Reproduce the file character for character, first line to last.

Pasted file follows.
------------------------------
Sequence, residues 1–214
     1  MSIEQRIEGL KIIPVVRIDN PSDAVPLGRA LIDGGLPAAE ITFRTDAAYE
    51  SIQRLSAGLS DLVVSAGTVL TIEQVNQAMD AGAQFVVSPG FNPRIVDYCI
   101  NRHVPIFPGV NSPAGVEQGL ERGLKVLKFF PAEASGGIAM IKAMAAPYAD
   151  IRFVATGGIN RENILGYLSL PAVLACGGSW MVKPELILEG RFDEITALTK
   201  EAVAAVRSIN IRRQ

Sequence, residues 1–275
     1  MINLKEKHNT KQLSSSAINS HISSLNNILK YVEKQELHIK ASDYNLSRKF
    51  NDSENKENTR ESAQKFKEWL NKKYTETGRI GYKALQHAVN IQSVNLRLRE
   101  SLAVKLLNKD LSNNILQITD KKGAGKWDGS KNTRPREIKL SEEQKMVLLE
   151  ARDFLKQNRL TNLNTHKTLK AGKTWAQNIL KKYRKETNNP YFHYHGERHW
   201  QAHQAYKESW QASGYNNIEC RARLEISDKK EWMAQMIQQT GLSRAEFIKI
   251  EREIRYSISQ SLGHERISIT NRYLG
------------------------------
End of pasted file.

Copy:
Sequence, residues 1–214
     1  MSIEQRIEGL KIIPVVRIDN PSDAVPLGRA LIDGGLPAAE ITFRTDAAYE
    51  SIQRLSAGLS DLVVSAGTVL TIEQVNQAMD AGAQFVVSPG FNPRIVDYCI
   101  NRHVPIFPGV NSPAGVEQGL ERGLKVLKFF PAEASGGIAM IKAMAAPYAD
   151  IRFVATGGIN RENILGYLSL PAVLACGGSW MVKPELILEG RFDEITALTK
   201  EAVAAVRSIN IRRQ

Sequence, residues 1–275
     1  MINLKEKHNT KQLSSSAINS HISSLNNILK YVEKQELHIK ASDYNLSRKF
    51  NDSENKENTR ESAQKFKEWL NKKYTETGRI GYKALQHAVN IQSVNLRLRE
   101  SLAVKLLNKD LSNNILQITD KKGAGKWDGS KNTRPREIKL SEEQKMVLLE
   151  ARDFLKQNRL TNLNTHKTLK AGKTWAQNIL KKYRKETNNP YFHYHGERHW
   201  QAHQAYKESW QASGYNNIEC RARLEISDKK EWMAQMIQQT GLSRAEFIKI
   251  EREIRYSISQ SLGHERISIT NRYLG